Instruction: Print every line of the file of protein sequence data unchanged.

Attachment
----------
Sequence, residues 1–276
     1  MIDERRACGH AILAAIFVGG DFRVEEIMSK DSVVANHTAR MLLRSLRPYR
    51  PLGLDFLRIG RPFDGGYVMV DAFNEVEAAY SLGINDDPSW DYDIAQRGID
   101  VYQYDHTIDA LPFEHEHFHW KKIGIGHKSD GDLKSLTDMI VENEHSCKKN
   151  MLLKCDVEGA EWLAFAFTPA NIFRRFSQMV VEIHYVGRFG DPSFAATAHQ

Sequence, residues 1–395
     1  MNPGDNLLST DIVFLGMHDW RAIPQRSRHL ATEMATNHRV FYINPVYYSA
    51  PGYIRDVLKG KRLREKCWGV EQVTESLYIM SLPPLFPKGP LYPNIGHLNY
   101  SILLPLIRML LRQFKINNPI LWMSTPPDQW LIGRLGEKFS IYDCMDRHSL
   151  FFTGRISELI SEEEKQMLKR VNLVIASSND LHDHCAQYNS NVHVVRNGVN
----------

Sequence, residues 1–276
     1  MIDERRACGH AILAAIFVGG DFRVEEIMSK DSVVANHTAR MLLRSLRPYR
    51  PLGLDFLRIG RPFDGGYVMV DAFNEVEAAY SLGINDDPSW DYDIAQRGID
   101  VYQYDHTIDA LPFEHEHFHW KKIGIGHKSD GDLKSLTDMI VENEHSCKKN
   151  MLLKCDVEGA EWLAFAFTPA NIFRRFSQMV VEIHYVGRFG DPSFAATAHQ

Sequence, residues 1–395
     1  MNPGDNLLST DIVFLGMHDW RAIPQRSRHL ATEMATNHRV FYINPVYYSA
    51  PGYIRDVLKG KRLREKCWGV EQVTESLYIM SLPPLFPKGP LYPNIGHLNY
   101  SILLPLIRML LRQFKINNPI LWMSTPPDQW LIGRLGEKFS IYDCMDRHSL
   151  FFTGRISELI SEEEKQMLKR VNLVIASSND LHDHCAQYNS NVHVVRNGVN